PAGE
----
#solarpower

Ben & Jerry’s Woke Windfarm Whippy

No photo description available.

Just when we thought COVID-19 had killed off climate change, Ben & Jerry’s social justice warriors will allow consumers to name an ice cream by donating money.

We thought of:

Climate Corona-netto,

Woke Windfarm Whip,

Toxic Solarcell Cadmium Cherry

Windfarm Blade Bury Berry

CSIRO Costings Crumble

It will be fascinating to see how much emissions will have fallen given the drop off in air traffic and other global travel restrictions due to lockdown.

We wrote about the dirt on solar panels here.

We discussed the problems with recycling wind turbine blades here.

Perhaps Ben & Jerry’s may do well to refer to the CSIRO study on the impacts of going 100% fossil-fuel-free.

Before we even get to 100%, the CSIRO’s energy transition costings forecast costs to exceed $1 trillion with a “T” out to 2050 (p.135). Note this report isn’t even a net-zero study – just lower emissions. So by that logic, net-zero will cost even more. CSIRO assures us that “these costs do not include the full integration costs of renewables, but that these costs are expected to be significantly less than $175 billion.” Who cares about billions in a world of trillions? Significantly less? Can anyone name a government project that has come in on time and on budget? Submarines? NBN? The beauty of spending other people’s money.

We wish to put forward to Ben & Jerry’s how they will manage to keep their ice cream frozen without the help of the carbon economy? From the aluminium (one of the most energy-intensive materials to produce) freezers, to the electric motors to maintain the correct temperature. To the cups and plastic spoons to serve and the use of oil to make the cones.

Perhaps the most interesting stats come from the ice cream maker itself. It suggests that making 1 pint of ice cream leads to 2lb of CO2 emissions. Driving a car 1 mile leads to 1lb of CO2 emissions. So technically if one is able to drive to the supermarket and back they could produce fewer emissions than the ice cream they end up buying. Perhaps they should stop selling ice cream to save the planet?

You’ll never guess what else Ben & Jerry’s support? The Black Lives Matter movement. We look forward to the company banning all vanilla ice cream to stop the systemic racism the company seems to believe is still rife, despite race-based hate crime hoaxes being the norm, not the exception.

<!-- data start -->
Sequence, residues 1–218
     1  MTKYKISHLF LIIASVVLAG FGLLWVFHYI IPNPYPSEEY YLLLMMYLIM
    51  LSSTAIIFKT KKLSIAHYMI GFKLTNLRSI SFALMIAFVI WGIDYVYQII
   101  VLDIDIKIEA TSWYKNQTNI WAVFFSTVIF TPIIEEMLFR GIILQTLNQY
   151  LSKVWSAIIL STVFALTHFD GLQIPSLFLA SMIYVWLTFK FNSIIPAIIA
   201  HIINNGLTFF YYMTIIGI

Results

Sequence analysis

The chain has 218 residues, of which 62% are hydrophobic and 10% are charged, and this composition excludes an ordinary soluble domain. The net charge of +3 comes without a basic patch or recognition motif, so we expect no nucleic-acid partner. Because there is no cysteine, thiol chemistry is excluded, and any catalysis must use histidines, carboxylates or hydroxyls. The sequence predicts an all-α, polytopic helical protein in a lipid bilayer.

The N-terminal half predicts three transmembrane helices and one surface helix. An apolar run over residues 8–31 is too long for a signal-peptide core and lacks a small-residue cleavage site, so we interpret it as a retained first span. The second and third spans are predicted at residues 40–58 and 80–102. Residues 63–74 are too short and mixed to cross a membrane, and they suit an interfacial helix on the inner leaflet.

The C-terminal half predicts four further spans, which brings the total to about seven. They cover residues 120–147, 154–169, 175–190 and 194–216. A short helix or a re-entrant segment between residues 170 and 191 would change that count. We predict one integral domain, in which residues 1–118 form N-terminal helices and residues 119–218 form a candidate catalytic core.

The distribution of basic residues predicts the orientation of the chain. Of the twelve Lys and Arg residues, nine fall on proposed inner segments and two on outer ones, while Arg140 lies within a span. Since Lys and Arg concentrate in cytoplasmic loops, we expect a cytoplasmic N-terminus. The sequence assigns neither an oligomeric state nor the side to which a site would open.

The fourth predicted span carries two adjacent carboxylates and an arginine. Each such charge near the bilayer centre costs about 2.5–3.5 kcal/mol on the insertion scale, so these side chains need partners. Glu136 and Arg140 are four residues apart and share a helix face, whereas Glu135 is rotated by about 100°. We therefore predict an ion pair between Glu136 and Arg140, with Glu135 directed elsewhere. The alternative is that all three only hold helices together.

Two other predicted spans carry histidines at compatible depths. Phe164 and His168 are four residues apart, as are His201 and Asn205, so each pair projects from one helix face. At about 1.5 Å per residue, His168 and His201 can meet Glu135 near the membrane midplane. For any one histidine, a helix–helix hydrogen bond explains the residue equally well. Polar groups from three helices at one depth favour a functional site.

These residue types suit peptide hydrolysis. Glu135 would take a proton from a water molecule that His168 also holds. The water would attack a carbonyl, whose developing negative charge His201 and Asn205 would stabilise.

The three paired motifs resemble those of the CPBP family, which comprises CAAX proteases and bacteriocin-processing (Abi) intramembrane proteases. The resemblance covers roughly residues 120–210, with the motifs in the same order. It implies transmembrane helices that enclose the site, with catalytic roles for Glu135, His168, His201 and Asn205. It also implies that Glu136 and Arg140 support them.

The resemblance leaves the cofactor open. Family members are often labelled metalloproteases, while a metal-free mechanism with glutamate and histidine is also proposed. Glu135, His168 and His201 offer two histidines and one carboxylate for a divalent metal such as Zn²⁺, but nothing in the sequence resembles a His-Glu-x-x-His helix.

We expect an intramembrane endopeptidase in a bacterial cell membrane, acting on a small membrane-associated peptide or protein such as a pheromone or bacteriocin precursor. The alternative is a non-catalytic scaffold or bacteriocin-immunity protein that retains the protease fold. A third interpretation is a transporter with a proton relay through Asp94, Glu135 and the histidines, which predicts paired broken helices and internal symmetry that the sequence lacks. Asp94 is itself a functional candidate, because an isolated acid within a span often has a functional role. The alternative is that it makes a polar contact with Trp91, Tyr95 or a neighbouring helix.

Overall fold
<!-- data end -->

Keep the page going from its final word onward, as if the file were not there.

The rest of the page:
Climate experts demand Planet of the Humans be taken down

Planet of the humans

You have to love the climate alarmists. Instead of challenging, dissecting and dismantling each point made in ‘Planet of the Humans‘ that was factually incorrect or misleading, it is far easy to lean on “the science is settled” argument and put pressure on YouTube pull it down.

How do these people honestly think they will persuade climate sceptics or people sitting on the fence if the only answer is to stifle or shut down debate? What of those climate alarmists who may have been disappointed to see the crony socialism at play? If the science is indeed on their side, why not provide the rebuttals rich in data and empirical facts? That way people can make even more informed decisions instead of being pilloried for questioning such findings.

Let’s be honest. The truth is that renewables rely very heavily on the fossil fuel industry. From the mining of the raw materials to the energy-intensive manufacturing processes.

We, like most rational people, want clean air and efficient use of resources that minimise waste but the problem is that the economics to put these green dreams into action is punitive. Should we accept that one needs 400x the area of a gas-fired power plant to produce the same amount of output with renewables?

We could go on and on. Bill McKibben of the Sierra Club gifted us some amusing backflips much like his colleague Aaron Mair did in a Senate Judiciary Subcommittee hearing on the environment. The video is utterly hilarious in showing just how little the Sierra Club knows about the supposed field of expertise – global warming. The hot air was in abundance.

We have always wondered why even if one wanted to believe the supposed 97% of scientists that concur with global warming, isn’t there any curiosity about what the 3% have to say that challenges the prevailing sentiment?

Why not solar panels on Notre Dame? A turbine on Eiffel?

What is it with people who don’t want to respect centuries of tradition and history? When the 850yo cathedral caught fire the world looked on in collective horror. Now some nitwits think that “climate change” should dominate the restoration of one of Paris’ most iconic buildings.

The Independent wrote, “In response, Paris based architects Studio NAB submitted a design that is adapted to perhaps the greatest challenge of our era: climate change.”

Why not suggest to city planners they should attach a giant propellor to the Eiffel Tower so it can generate wind power?

Climate change is a religion. Sadly Notre Dame is of Catholic faith, not part of the global warming diocese, even with a social justice warrior as the Pope.

Maybe Australia can take notes and clad the Sydney Opera House in solar panels? Perhaps the Japanese can tear down Kiyomizudera and use the wood for biomass?